Unless halftone screens are used, the continuous tone shades in the photos cannot be converted into printable form. And unless the screens are positioned in a particular screen angle with a difference of 30° for each colour separated negative or positive, the juxtaposition of dots i.e. printed side by side cannot be achieved and all dots will fall one upon other to give one single colour image. Again the resultant image will be one dark image.
This is the basic structure of processing in the conventional printing process, whether it is Letterpress, Offset or Gravure.
The basic processing is the main deviation in the case of Security printing compared to the conventional printing. Security printing technique is devoid of colour separated, halftone screened negatives or positives to reproduce the original colour print. Further the primary colour inks like Yellow, Magenta and Cyan are also not used to print juxtaposition of dots to reproduce the coloured original. No screens or colour filters are used for colour separation. In short, basically the Security printing is reproduction of the coloured original in true form incorporating lines and other patterns of varying sizes and thicknesses on the plates or blocks sans juxtaposition of dots on print.
The photographs or portraits are first converted into elements consisting of minute dots and lines of varying thicknesses, wavy patterns, Guilloche designs and several types of straight lines and with micro letters in between.
The artist converts the continuous tone photographic image or portraits into various tonal values with lines, dots and other patterns by hand engraving them on metal blocks which is used as base for further processing. The separately engraved blocks with shades are finally joined together to form the printable image as close as possible to the original. Now automatic processing equipments and machineries have also come to convert the continuous tone images of the original to the desired pattern printable as line work.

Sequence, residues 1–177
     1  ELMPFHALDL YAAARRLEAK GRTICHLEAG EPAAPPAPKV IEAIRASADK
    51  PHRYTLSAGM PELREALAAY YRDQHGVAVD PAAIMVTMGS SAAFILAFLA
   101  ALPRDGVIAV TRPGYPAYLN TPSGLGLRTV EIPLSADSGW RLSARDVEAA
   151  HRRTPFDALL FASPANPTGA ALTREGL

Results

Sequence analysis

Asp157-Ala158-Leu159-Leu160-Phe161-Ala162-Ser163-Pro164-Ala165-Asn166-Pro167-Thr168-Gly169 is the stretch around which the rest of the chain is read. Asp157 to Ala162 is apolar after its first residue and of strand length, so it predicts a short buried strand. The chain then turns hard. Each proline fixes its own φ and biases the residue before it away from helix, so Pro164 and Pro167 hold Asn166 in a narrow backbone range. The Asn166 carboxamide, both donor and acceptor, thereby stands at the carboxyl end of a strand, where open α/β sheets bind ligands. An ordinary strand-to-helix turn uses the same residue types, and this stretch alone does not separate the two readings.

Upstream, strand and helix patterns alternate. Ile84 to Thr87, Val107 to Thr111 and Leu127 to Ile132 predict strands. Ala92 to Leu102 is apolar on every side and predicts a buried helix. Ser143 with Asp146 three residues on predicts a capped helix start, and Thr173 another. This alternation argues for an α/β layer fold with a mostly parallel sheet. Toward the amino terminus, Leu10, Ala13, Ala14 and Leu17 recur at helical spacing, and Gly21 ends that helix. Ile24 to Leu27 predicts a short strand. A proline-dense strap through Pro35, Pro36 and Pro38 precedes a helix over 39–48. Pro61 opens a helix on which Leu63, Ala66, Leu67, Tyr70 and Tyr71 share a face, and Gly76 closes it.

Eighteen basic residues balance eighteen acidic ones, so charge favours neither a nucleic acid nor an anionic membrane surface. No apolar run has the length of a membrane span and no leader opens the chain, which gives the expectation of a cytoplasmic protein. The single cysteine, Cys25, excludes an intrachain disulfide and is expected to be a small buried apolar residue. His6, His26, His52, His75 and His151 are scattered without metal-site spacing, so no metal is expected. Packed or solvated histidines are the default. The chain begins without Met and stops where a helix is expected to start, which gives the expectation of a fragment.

Since the colour original is not colour separated into three or four colour negatives or positives using colour filters and screens they remain difficult to colour copy or counterfeit. If the security printed print is copied, the lines will be converted into several minute pixels instead of continuous lines or wavy lines due to use of different angles in the engraved elements and therefore the forged one will not match with the original design elements. To naked eye it may appear to be near original, but even with a small magnifier the print will reveal it to be counterfeited.
How are the colour effects arrived on the reproduced prints then ? The various colour effects are not derived by super imposing the images one on top of the other using conventional shades like Yellow, Blue and Red. The relief images from Dry Offset plates or images from plane plates of Wet Offset are printed in subdued colour combinations through a process called Rainbow printing in which the colours merge in a varying, uneven manner creating a spectrum of colour effect. This again makes the copying difficult to reproduce by colour copying or scanning.
How the images on print gets further protection from forgery or counterfeiting is by the use of several elements in combination like overt and covert features such as layers of colour elements printed one on top of other, intricate designs, special inks, the tactile feel of inks and completely different printing techniques deployed. Generally three levels provide security on the print. Level one may be by overt features, such as optical variable ink and watermarks, security threads etc identifiable by naked eye. Level two may include the covert features which may require certain gadgets or instruments like a microscope, enlargers, UV lights, Infra Red lights etc to authenticate the features. Level three may be most complex, involvement of certain chemicals such as markers or taggants mixed with printing ink which can be authenticated only by specially designed user specific Gadgets to read the material as supplied by the same manufacturers who supply the taggants or by specially trained forensic agencies and chemical labs.
The machineries and equipments used in the production of the security documents employ only the same basic machineries and equipments used in conventional printing, but the difference is that they are modified ones to transfer the images with special inks, intricate processes with special attachments. Prima facie the Security Printing too is only an extended arm of conventional Offset, Letterpress and Gravure printing techniques, but deployed in modified manner through modified machineries and equipments.